At vintage working rallies you will see many different ploughs in action, from the single furrow tractor plough developed to be used by Harry Ferguson’s invention of the three point lifting system. This allowed the plough for the first time to be lifted up by the hydraulic system on board the early tractors. It also enabled the plough to now be a fixed part of the tractor. Previous all the ploughs were pulled behind the tractor. This took place here in Aberdeenshire in the early 1900s. You will also see steam ploughing featuring two steam engines pulling a multi furrow balanced plough up and down the field. These ploughs were seldom used in Aberdeenshire because the fields were smaller and the ground too stony.
Like many other inventions the plough can be traced back to early biblical times. It evolved as part of Scottish heritage through time. Man settled down in one place at different times within different world regions. During the period when he was a hunter gatherer he lived off the natural growing food stuffs. He would not stay in one place long enough to reap what he had sown. It was only when man started to settle down that the plough became a necessary implement.
When man decided to stay in one place he required a cultivated food supply. This cultivation started by using whatever was available to him at that time. Nature was the early provider of tilling equipment. A limb of a tree would form a hand held hoe type implement. The early pulled plough type implement made out of wood and pulled by man power. The depth into the soil which was tilled was very limited and seeds planted were poor growers. As man started to harness other power sources such as oxen the design of the plough had to be stronger. This still featured wood but had two different parts, the pulling beam and the ploughing part. In Aberdeenshire the “The Twall Oxen Ploo” was worked. This was pulled by 12 oxen. It required 4 oxen handlers and two men in the shafts of the plough.
Any invention is a result of composite advancements and the plough is no exception to this. As man began to master the art of working with metal the farmers requirements integrated these new techniques into different designs of the agricultural plough.
With the use of stronger metals the wooden parts of the plough were covered with metal. This made it easier to pull. Farmers soon realised that grass when rotted became a good growth additive eg an early fertiliser. So ploughs soon were designed to turn the sod underneath and expose new soil to the surface. This helped to improve the quality of the soil and aid its productivity. The evolution in the plough design, which led to the present day design features did not happen until the mid 1700s. These features were front cutting culter the metal cutting edge of the plough and the curved mould board were seen as essential.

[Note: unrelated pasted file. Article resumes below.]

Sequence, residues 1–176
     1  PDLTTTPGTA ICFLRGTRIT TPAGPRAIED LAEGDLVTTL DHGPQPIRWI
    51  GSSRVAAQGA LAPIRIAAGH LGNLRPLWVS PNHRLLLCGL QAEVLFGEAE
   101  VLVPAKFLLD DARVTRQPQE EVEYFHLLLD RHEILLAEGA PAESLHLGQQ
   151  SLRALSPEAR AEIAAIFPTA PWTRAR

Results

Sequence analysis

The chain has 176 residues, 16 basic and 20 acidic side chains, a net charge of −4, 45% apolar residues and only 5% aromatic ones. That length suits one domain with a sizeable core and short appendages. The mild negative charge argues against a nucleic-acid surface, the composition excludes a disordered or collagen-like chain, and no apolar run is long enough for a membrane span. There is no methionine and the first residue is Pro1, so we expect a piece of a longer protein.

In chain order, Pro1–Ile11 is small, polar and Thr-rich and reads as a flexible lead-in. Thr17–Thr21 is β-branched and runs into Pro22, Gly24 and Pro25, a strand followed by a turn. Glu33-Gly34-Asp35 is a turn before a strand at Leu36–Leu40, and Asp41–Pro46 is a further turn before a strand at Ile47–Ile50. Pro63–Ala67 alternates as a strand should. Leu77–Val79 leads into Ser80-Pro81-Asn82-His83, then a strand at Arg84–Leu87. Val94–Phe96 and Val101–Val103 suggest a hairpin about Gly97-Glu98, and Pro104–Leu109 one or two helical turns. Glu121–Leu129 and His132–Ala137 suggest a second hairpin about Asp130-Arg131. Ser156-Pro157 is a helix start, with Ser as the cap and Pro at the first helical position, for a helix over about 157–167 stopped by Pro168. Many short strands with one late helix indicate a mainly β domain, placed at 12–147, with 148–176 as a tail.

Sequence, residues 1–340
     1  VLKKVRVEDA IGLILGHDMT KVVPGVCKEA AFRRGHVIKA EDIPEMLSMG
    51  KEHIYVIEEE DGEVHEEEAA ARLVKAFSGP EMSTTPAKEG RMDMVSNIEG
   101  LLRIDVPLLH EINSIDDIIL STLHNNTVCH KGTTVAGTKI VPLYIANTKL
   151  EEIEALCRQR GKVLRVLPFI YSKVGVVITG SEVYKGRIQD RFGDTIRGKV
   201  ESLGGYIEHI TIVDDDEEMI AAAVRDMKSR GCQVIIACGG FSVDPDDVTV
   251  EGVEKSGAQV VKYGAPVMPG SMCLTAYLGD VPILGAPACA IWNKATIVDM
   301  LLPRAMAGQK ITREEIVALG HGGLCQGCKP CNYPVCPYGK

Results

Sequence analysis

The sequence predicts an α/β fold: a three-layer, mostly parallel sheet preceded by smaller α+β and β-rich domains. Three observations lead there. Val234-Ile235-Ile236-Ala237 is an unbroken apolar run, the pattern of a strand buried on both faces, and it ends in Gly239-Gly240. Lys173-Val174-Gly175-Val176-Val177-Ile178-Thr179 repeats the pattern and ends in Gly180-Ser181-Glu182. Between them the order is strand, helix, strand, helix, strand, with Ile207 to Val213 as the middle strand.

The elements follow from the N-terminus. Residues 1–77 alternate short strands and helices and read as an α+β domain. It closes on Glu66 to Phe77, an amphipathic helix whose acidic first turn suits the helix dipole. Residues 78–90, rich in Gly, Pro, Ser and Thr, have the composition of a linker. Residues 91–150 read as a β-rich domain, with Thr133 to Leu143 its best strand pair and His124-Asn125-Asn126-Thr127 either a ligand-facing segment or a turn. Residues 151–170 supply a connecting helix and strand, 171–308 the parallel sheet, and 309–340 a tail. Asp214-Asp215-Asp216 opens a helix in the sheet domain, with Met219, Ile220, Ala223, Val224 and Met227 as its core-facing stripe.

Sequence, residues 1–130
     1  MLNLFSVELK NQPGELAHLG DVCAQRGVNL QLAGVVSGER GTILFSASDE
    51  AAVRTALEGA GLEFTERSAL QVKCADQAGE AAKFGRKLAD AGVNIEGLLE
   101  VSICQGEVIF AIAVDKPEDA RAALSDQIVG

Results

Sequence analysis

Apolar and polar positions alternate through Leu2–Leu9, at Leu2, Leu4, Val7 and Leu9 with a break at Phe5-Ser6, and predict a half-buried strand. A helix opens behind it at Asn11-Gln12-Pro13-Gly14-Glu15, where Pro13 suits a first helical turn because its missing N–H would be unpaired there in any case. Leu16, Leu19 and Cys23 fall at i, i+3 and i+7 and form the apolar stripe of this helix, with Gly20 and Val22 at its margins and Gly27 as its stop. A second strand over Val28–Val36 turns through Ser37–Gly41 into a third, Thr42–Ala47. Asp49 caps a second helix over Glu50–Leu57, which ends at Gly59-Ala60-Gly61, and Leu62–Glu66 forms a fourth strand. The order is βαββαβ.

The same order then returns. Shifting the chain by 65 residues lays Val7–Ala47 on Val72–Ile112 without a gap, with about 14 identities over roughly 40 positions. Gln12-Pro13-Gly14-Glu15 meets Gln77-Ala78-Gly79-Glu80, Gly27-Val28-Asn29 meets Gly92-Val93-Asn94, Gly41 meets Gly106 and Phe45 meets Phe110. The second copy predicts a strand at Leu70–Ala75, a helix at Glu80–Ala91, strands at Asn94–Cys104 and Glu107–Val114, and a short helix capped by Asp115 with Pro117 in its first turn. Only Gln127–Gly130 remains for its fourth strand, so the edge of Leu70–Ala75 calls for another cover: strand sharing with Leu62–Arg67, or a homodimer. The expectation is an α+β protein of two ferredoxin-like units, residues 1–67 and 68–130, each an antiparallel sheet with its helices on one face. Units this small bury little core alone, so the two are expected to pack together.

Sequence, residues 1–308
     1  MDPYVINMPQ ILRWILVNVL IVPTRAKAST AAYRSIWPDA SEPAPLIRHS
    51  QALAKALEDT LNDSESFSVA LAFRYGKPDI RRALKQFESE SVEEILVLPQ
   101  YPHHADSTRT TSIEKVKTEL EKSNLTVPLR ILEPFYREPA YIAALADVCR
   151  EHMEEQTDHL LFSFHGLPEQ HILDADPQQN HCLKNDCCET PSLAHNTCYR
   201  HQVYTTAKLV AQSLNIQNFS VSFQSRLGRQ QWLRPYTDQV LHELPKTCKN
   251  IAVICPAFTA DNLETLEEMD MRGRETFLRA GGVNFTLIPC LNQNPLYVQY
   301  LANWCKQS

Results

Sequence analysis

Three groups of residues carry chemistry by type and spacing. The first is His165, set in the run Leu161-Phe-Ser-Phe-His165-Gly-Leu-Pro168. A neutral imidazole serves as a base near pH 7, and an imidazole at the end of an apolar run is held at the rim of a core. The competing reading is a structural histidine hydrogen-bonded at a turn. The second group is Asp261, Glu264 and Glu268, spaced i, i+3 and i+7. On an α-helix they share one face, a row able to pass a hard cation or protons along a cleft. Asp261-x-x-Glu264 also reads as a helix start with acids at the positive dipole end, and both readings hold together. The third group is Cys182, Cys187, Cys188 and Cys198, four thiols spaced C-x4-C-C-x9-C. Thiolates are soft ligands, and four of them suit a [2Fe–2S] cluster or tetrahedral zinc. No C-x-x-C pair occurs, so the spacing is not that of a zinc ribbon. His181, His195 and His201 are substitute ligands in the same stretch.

It must be remembered that all the previous inventions were state of the art thinking and our Scottish ancestors were at the cutting edge of their technology. We owe them a great deal for taking us to this point in time, and leaving us their cultural footprint. Here in Aberdeenshire you will see good examples of the multitude of differently designed plough each with their makers crest and name. This shows you just how many manufacturers there were within any local district. One man who played a significant roll in the development of the plough was the local blacksmith. Once a farmer had bought a plough to be pulled by the Clydesdale horses it would need modifications which allowed it to work better within each different soil type. The ploughman who worked the Clydesdales had a dual role. He had to control the Clydesdales and he had to control the depth of the ploughing and keep the furrow straight. In the fields today the furrows may not be as straight as these skilled horsemen could plough. Many of our exhibitors today may never have ploughed as a farm servant in the past. Many are collectors and we welcome them here this week end. As the era of the Clydesdale horse disappeared from the 1930s onward tractors began to appear. The horseman kept warm in the winter when ploughing as he walked 11 miles per day behind the plough. The old horse ploughs were converted by the blacksmith to be pulled by tractor. Sitting on an early tractor without a cab could be very very cold for the driver, so thick army coats were worn to keep them warm. Tractor power ratings were more than the Clydesdales so bigger multi furrow ploughs evolved. Today’s ploughs share with all their predecessor inventions the same basic requirement to allow man to maximise the quality of his growing soil to satisfy his basic requirement of survival.